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Don't Touch

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  • Don't Touch

    Hi, my name is Abby. I am mom to a 2yr old, 16 month old, and am 6.5 months pregnant with our third.

    My 16 month old son is very strong willed -which is a fantastic quality, until he's set on doing something he shouldn't. Today, I was trying to do some dishes. *The kids are not allowed to touch the dishwasher when its open.* So my son comes over and keeps trying to touch it, grabbing at knives.
    I tried just moving his hand away -Ahh Ahh Don't Touch.
    I tried physically moving him away (with an Ahh Ahh Don't Touch) and giving him a toy to play with.
    I tried explaining to him why we don't touch -Danger.
    None of that worked. He just would either smirk and go right back to it or stand there and cry. When he'd cry, I would hug him and say "I know you're upset and want to help mom with the dishes, but some of these are dangerous." Probably beyond his level, but it certainly couldn't hurt.
    At that point he just stood there and cried about it, while I hurried up and finished the dishes. I felt bad leaving him to cry like that, but I tried to distract, redirect, and reason with him.

    What else could I have done? We go through this same scenario with him pushing buttons on the TV. So any suggestions would be really helpful!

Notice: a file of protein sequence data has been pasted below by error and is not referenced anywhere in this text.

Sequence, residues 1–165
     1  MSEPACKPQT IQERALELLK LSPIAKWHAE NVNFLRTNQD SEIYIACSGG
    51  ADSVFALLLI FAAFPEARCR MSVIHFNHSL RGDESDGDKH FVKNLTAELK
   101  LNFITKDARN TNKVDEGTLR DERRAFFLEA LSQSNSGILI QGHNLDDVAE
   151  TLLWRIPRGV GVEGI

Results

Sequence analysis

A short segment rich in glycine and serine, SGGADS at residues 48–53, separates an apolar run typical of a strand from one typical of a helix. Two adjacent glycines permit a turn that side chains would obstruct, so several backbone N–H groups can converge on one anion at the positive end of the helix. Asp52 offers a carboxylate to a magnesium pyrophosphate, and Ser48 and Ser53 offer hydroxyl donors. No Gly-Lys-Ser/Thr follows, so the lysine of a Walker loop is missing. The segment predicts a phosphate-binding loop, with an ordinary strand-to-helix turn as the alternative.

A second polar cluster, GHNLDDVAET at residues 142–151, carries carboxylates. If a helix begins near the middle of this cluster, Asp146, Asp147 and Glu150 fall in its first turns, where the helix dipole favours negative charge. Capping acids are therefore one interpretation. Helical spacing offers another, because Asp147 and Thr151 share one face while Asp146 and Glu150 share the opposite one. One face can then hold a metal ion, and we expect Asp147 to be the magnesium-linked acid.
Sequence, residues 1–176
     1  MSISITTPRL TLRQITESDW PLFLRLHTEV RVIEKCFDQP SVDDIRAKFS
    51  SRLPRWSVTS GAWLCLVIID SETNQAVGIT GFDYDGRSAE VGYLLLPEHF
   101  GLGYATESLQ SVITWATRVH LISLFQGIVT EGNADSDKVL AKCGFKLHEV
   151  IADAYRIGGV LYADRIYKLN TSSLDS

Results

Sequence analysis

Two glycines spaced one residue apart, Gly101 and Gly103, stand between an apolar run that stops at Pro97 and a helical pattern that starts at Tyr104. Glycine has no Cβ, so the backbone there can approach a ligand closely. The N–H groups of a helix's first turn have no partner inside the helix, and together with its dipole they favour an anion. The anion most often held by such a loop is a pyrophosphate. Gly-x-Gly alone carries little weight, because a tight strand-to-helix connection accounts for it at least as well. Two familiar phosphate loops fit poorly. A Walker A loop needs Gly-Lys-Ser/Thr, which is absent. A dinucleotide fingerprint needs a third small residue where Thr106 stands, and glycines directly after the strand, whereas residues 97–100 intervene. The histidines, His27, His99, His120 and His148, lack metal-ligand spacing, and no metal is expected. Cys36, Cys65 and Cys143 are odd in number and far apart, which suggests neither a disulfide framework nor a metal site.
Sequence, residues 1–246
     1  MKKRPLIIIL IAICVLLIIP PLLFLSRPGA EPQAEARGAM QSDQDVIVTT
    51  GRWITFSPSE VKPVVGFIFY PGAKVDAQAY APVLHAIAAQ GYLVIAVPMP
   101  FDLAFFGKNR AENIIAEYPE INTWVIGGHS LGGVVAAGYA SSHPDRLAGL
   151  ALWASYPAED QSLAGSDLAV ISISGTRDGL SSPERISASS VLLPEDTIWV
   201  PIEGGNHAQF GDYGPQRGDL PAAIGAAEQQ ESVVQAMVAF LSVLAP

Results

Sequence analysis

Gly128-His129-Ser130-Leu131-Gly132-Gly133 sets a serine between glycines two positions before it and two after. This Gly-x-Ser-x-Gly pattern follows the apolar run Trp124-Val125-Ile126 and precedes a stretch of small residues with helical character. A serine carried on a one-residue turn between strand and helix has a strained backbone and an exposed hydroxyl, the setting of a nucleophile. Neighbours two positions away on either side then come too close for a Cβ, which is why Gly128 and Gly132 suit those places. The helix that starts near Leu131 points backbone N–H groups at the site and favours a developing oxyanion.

• #2
    Wow! It is wonderful that you have so much patience, especially with 3 little ones.

    My daughter also loved to play with the dishwasher. Getting her involved is what helped. Letting her help put safe things in the dishwasher, letting her see how the tray rolled in and out. Putting her up on the counter to help me wash dishes.

    Could you wait and leave the dangerous stuff in the sink til the last minute, but allow him to "help" you until then? Then you can quickly finish with the dangerous stuff and get it closed.

    Although it's not always apparent to me right away, it seems there is always a "yes" in there somewhere that still maintains a balance between my wants and needs and those of my children. There are so many times when I initially hear myself saying no but figure out a way to get past it and am so so grateful that I did because I see something I wouldn't have seen otherwise.

    I remember the first Halloween when I allowed DD to get candy, and she started to open it all up at once. I started to tell her no, that she couldn't eat that much candy, but I held my tongue and watched her. Turns out she had no intention of eating it. She made a really neat sculpture out of it! I was super-impressed with her creativity and building skills that day.

    Hoping you find what feels good for everyone

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    • #3
      Thanks!
      I am really making a great effort to be patient and gentle. I was finding myself being very irritable with the kids and starting to yell at them. Not only did that not work, but it made me feel bad. DD (2yr old) would always say "Mommy's grumpy" How horrible that made me feel! So I have turned towards AP to help me change my parenting habits.